Each stable culture and major civilization of the world consists of a distinct material base and a distinct ideational structure and has an inherent mechanism of striking its own equilibrium between the two. In the Indian tradition dharma is the balancing force. Religion and ideology are literally treated as synonymous with the Sanskrit word dharma. But dharma differs from religion in not being exclusive, and from ideology in possessing a transcendental dimension.
The papers in this volume acknowledge that neither the word religion nor dharma can be discarded while looking at the Indian reality. They address themselves to the question: To what extent does the continued use of the concept of religion in the Indian context reflect reality, and to what extent does it distort or misrepresent its dharmicreality? Given India's historical and the present existential situation these papers explore the question: "Is an alterative understanding of Indian civilization possible, independent of Western presuppositions?"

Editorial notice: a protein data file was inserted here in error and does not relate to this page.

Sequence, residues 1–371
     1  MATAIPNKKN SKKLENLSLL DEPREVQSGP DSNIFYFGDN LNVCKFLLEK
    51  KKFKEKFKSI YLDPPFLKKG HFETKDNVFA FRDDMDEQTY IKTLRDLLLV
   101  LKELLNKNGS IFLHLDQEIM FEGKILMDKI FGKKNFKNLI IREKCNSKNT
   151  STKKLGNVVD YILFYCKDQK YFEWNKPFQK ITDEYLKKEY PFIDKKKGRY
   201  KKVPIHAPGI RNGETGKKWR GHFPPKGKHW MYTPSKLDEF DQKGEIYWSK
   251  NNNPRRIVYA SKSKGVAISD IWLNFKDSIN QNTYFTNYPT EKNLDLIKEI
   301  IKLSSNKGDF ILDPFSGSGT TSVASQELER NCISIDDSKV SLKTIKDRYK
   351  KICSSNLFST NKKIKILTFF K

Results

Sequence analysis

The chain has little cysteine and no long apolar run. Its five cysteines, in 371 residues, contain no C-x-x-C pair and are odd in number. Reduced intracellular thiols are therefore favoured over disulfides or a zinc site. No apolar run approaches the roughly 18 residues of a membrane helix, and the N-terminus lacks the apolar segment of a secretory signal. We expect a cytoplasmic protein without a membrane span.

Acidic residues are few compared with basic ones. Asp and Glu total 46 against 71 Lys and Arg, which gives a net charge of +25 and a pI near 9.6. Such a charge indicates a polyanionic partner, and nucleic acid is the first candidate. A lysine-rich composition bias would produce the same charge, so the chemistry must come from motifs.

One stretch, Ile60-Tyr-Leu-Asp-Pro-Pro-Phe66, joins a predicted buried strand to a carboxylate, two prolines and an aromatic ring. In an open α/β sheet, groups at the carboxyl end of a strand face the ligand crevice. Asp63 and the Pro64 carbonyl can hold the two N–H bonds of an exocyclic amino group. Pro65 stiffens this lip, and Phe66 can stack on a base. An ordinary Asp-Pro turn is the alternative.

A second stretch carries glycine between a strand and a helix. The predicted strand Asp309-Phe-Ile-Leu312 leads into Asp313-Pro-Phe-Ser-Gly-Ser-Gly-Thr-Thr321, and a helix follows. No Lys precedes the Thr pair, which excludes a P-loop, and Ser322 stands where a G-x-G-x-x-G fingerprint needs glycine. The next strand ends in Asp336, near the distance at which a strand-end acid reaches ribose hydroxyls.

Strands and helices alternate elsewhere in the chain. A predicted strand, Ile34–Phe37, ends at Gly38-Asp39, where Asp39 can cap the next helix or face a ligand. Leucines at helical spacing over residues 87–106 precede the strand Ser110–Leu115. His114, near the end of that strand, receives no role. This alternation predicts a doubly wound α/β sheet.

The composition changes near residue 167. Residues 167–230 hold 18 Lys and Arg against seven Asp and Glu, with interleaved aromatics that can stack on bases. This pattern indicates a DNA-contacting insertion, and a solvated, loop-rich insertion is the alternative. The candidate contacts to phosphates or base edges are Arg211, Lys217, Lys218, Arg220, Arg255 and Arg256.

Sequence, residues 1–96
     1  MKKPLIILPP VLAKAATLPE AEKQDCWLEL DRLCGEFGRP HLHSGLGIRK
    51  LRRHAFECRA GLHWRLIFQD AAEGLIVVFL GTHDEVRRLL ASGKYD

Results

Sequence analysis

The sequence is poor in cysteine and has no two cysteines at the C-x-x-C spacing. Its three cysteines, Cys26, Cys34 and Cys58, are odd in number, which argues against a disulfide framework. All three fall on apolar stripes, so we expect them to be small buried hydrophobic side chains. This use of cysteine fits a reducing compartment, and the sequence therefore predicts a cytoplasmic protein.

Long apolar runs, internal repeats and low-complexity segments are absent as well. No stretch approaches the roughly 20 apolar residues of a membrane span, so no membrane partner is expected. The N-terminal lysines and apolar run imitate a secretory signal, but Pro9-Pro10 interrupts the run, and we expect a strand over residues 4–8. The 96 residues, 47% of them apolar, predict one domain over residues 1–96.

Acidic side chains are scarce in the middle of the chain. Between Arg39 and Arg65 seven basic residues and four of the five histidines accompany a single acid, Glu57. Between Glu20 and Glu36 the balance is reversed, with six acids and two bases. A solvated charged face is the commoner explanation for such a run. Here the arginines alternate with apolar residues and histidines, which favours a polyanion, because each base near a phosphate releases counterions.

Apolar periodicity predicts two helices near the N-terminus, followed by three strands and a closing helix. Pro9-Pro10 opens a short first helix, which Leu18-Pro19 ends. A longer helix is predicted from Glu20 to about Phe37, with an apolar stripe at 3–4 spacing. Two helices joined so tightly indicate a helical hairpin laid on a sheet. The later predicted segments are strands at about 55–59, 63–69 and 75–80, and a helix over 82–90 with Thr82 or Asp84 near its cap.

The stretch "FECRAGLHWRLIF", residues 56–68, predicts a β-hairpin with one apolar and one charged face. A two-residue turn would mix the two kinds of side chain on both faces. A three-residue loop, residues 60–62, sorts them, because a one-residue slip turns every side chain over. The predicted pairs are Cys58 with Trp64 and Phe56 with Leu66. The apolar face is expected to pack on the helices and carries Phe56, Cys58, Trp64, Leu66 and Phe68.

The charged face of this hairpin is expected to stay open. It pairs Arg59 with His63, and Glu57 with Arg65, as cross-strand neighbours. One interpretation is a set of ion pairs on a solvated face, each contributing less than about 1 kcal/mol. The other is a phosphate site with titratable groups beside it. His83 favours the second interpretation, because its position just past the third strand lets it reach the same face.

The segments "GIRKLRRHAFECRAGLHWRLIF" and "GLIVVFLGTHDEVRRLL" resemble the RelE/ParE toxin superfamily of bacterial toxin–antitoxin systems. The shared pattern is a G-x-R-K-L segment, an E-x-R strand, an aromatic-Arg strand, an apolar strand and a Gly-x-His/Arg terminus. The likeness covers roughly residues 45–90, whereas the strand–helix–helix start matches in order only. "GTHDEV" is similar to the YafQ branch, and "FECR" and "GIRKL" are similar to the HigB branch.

The articles in the book present an in-depth study of the concept of dharma and its relation to the other purusharthas -- artha, kama and moksha, as well as with society, science, religion, Ayurveda and secularism. Relying mainly on the Vedas, epics, Manusmriti and the writings of Plato, Vivekananda, Gandhi et al., these papers explore some contemporary issues relating to women (stri-dharma) and the dilemmas faced by the Indian diaspora, especially in the UK and the US.
These discussions have an appeal for a general reader as well as for scholars of Philosophy, Religion, Women's Studies, Modern India and Sociology.